I tend to be a cook, and I’m not the type to bake desserts or pastries, but I do love to bake bread, and I can generally stick to a recipe well enough for bread to turn out. I’m still amazed that I’ve been able to keep my home-grown sourdough starter alive for so long now.
Father Dominic Garramone, an actual Benedictine monk, used to have a show on public TV called “Breaking Bread with Father Dominic.” Yes, baking can be picky, but you can’t stress over it too much; Father Dominic used to say, repeatedly, “It’s bread; it’ll forgive you.” I’ve found that to be true. Even if a loaf of bread is a little denser than expected or a little softer than expected, it’s still usually good.
After I told Sue that earlier today, however, I had a less-than-forgiving moment tonight. I had reserved half of the bread dough from this past weekend, frozen it, and then thawed it overnight last night. I let it rise today and put it in the oven tonight. So far, so good; I now know I can safely freeze bread dough.
The trouble is that the rickety oven in my apartment does strange things sometimes, and I had the thermostat turned up a little too high tonight, causing the broiler to turn on, burning the top of the loaf before the center had even started really baking. I had to throw it out.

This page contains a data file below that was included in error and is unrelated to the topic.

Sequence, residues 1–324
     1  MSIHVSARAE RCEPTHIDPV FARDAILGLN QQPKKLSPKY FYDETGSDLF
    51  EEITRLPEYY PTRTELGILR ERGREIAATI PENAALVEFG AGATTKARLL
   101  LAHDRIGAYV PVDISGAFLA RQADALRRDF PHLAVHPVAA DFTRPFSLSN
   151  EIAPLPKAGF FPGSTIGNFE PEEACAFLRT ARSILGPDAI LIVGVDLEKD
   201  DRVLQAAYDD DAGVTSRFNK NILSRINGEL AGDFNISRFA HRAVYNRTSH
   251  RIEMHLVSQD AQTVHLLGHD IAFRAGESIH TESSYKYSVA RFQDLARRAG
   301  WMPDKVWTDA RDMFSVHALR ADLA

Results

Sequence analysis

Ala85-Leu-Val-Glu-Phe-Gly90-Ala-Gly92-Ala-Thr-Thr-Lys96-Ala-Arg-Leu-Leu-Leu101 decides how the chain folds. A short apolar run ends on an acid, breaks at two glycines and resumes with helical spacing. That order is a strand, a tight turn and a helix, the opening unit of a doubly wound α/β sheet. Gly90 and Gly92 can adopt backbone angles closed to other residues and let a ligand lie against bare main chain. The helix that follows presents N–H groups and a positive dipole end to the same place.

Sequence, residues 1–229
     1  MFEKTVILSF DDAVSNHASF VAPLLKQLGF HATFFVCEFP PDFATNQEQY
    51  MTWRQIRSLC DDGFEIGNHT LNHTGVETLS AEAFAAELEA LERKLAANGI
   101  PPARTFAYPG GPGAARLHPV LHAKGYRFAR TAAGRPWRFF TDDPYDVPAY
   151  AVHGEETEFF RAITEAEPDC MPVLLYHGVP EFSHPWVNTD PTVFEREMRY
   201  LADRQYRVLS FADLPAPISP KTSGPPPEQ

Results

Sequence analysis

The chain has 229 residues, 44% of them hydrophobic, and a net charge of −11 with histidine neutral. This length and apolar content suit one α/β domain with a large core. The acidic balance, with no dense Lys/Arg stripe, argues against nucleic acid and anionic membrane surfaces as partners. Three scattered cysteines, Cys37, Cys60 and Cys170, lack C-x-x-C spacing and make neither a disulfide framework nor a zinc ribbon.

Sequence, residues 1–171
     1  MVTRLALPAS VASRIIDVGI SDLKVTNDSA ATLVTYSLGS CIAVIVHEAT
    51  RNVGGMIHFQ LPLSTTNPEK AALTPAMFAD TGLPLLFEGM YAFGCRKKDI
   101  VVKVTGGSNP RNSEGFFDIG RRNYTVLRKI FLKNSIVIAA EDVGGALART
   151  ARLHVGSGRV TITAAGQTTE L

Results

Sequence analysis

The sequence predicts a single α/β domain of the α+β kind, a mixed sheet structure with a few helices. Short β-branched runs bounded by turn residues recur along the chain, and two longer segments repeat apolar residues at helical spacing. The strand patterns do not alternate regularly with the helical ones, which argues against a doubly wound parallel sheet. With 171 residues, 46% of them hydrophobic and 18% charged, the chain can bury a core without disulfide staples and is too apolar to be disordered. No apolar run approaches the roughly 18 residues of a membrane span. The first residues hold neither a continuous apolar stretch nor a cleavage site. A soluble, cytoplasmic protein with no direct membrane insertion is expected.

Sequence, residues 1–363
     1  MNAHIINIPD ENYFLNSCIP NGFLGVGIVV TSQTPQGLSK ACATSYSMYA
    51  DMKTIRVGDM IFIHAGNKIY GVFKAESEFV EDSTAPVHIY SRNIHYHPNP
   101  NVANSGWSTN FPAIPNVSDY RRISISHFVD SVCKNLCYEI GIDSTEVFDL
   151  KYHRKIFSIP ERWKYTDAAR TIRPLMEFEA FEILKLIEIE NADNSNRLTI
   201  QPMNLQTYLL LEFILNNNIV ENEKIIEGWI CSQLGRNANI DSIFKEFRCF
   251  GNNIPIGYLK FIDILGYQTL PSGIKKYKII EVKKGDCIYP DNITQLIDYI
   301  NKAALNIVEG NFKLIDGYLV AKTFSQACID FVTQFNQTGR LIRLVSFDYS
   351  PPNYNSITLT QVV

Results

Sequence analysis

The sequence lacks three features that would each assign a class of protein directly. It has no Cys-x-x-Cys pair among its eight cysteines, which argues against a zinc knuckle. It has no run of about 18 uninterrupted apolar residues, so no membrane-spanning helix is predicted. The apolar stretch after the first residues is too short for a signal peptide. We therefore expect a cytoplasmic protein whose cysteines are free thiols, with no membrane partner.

Sue’s loaves today turned out well, and since that was my starter I can at least take some solace.
I was happy that our conversation made me think of Father Dominic, by the way; I had no idea that he had a website, and a blog. There are some short videos, “Breadhead Minutes,” which apparently still run on some public TV stations (I haven’t seen them locally, but I may have just missed them).
Interestingly enough, my tech column in today’s Times-Gazette referenced Leo Laporte’s TWiT Network and the new relaunch of “The Screen Savers,” both of which feature another Catholic father who dabbles in television on the side – the likable and knowledgeable Father Robert Ballacer, a Jesuit priest. If the Wittenburg Door were still active, I’d be pitching interviews with both of them.
Today, of course, was my second Saturday in a row to spend eight hours working a Relay For Life fundraiser – in this case, the Times-Gazette’s second annual Community Yard Sale, which was a huge success.
It was early in the day – not long after the official start time – when, wandering around, I found this:
It’s a cast iron bread pan, from the fine folks of Lodge Manufacturing in South Pittsburg, Tenn. I love cast iron cookware and have several pieces of Lodge product in my kitchen, which I use constantly. I got to tour the plant once for a newspaper story, and I love their factory outlet store. (They have a store in South Pittsburg and two stores up in the tourist mecca of Sevier County, but the South Pittsburg store is best because it’s the only one with factory seconds.)